And he remained to himself, embarrassed and unwilling to talk about his depression. In fact, only a handful of people knew of Lefebvre’s torment. He didn’t even tell his radio partner, Denny Matthews, or their producer/engineer, Don Free. Not until their last day in Arizona for spring training.


As with former alcoholics and drug addicts, most people who have suffered through depression say that recovery is a long and arduous process. Usually, it’s the rest of the person’s life.

“I don’t think I’ll ever feel like I’m cured,” Lefebvre agrees.

Lefebvre’s road to recovery, however, gained momentum in early November 2005, when he traveled to Florida for a wedding. As he strolled down the beach one day, watching families build sand castles along the Gulf of Mexico shore, he realized he felt better. He had an “even keel.” He was thinking more rationally.

Lefebvre decided to spend the rest of the offseason doing things he wanted to do. Things that would help him in recovery. He volunteered at John Knox Village and Lee’s Summit Hospital. He hosted a weekly bible study for high school students at his house. He got back to playing weekly pick-up hockey games with a few friends, including Matthews.

And, he planned vacations. One to Jamaica, where he’d visit Gordon Bennett, one of his former principals who’s now a bishop in the Catholic Church; and then his first trip to Europe, specifically Rome.

“Meeting with Bishop Bennett was almost my own ‘Tuesdays with Morrie,’” Lefebvre said, referring to the best-selling book. “During our discussions I asked him what common characteristics he saw in a good man. One that stuck like glue was the difference between a tough man and a brave man.

“He showed me that tough gets you nowhere. Or, you can be brave and be the type of man to say, ‘this is what happened to me.’”

Lefebvre’s also sharing his story with others. It started as a self-realization of how far he’d come. It’s transformed, though, into helping other men.

Said Lefebvre: “When I began sharing this with people, it was incredible how many men would come up to me and say, ‘I haven’t really told anyone about this…,’ and then they’d tell me their story about depression.

“There are too many men in this world who are more frightened by the cure than they are the disease. They settle into not being happy and feeling like they can deal with it. But there’s no better feeling than chiseling away all those layers of grime that collects around our hearts, and getting back to who God designed you to be.”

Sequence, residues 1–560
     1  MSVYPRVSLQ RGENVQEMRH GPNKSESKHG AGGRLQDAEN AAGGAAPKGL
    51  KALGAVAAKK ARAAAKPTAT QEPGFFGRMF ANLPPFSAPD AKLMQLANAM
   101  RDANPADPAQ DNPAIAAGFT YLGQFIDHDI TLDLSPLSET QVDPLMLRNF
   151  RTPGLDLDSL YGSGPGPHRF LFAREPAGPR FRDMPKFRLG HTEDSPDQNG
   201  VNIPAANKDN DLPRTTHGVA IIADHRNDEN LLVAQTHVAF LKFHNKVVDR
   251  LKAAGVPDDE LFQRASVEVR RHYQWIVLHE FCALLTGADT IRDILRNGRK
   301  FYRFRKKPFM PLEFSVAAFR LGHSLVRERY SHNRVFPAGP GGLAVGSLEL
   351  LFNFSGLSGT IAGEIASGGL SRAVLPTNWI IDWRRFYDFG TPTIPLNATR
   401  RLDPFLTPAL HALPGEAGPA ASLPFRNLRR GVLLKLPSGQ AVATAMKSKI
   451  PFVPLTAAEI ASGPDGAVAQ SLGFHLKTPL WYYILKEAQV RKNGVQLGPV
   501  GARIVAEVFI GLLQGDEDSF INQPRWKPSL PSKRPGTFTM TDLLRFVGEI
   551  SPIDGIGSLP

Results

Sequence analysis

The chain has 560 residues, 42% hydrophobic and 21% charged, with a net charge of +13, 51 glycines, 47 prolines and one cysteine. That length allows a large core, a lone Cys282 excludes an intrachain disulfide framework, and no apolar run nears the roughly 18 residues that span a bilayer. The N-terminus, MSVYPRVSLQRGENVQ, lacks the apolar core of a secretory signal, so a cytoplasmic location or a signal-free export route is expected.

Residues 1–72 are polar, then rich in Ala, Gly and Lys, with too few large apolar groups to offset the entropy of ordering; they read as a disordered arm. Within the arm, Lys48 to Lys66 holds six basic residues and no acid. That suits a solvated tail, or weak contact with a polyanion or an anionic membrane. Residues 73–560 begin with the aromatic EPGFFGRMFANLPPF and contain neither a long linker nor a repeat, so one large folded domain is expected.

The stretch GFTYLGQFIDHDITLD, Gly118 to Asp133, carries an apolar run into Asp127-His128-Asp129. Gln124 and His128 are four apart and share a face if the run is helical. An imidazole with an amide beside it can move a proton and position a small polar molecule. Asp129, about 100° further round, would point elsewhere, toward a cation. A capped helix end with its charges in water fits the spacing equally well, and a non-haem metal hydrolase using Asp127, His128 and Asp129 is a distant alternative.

Lefebvre’s biggest project, however, is still a work in progress. He wants to touch a bigger audience through a book, which is near completion.

“I accept what happened to me, and I’m not ashamed of it now,” he said. “Maybe a man who’s ashamed to go to therapy and share his emotions with a doctor, can read a story or listen to my experience and draw strength from it. That’s all I wanted and needed to hear during the whole thing. When you’re going through this, you want to feel like you’re not losing your mind, that you’re normal and you’re going to be OK.

“I know how that felt, and I want to provide that for someone else.”


The 2006 season marks Ryan Lefebvre’s 12th opening day as a major-league announcer. He enters this one, however, with a little more optimism, a little more zeal.

“I’m excited about this season because, regardless of how the team does on the field, I’m going to just go out and enjoy it,” he said.

After all, it was just six months ago when Lefebvre felt he’d be the one guy who ended up in an institution.

“Going through this was horrible; there’s no other way to describe it,” he said. “But, with all the things I’ve discovered, had I not gone through this I wouldn’t feel as good as I do now. This was the worst thing that’s ever happened to me, but at the same time it was the best thing that could’ve happened to me.

“I’ve never felt better in my life. I’ve never experienced the joy that I have now.”